Society:
Oscray have but one village, located on the Ravanna Savanah, well to the north of the Wise Ones territory. They exist by hunting and some agriculture. Their chieftain is Bentfang, who led them here.

They are one of the few groups in Malatra known to work with brass, fashioning it from the land's rare deposits of copper and zinc. They also repurpose any gold or silver they found within ruins.

Relations with other races:
Oscray have adapted well to their new homes and neighbors for two reasons. First, they are still uneducated in the ways of the jungle and rely greatly on the Simbara and Wise Ones to help them. Secondly, though naturally aggressive, the Oscray live a week to ten days travel from all sorts of evil and violent races: brutish lizardmen, black leopard katanga, hyena katanga, and others. When Oscray get the desire for battle, they have a wide variety of opponents.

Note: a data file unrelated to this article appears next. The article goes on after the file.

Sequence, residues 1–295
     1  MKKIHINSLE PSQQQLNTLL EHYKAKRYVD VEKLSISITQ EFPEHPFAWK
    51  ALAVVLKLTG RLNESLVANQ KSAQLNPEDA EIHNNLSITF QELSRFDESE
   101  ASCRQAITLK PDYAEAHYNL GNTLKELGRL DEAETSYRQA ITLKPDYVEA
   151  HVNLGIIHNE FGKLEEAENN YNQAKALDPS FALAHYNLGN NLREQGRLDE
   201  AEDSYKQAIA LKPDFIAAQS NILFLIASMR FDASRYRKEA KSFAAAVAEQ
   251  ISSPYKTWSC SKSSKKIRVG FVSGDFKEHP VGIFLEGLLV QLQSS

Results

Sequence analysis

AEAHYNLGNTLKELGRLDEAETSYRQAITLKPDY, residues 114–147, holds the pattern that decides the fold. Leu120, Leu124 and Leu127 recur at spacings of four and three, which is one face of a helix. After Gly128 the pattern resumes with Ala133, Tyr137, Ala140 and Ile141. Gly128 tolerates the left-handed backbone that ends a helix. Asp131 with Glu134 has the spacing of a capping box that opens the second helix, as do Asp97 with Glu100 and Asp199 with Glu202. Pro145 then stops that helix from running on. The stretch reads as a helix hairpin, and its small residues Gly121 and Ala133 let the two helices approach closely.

Alignments:
Oscray are usually neutral.

Religion:
Some of the oscray still worship their old gods even though their old gods don't seem to be listening. No clear consensus has arisen as to what beliefs the tribe as a whole will follow.

Language:
The oscray speak Scro, a variant of the orcish tongue, unknown on the plains of Malatra, and Common. They can learn any Malatran language.

Anyone who speaks Orc grasps the basics of Scro, although the more refined tongue boasts nearly three times the vocabulary and a much greater range of expression. On the other hand, someone who learns to speak Scro understands Orc - probably better than most orcs.

Names:
There are no clear naming conventions but they likely use Scro names.

Settings:
Oscray are native to the Forgotten Realms setting, more specifically the Jungles of Malatra in southern Kara-Tur.

Game Settings:
 +2 Str, +2 Dex, +2 Con
Darkvision
Effective Character Level +2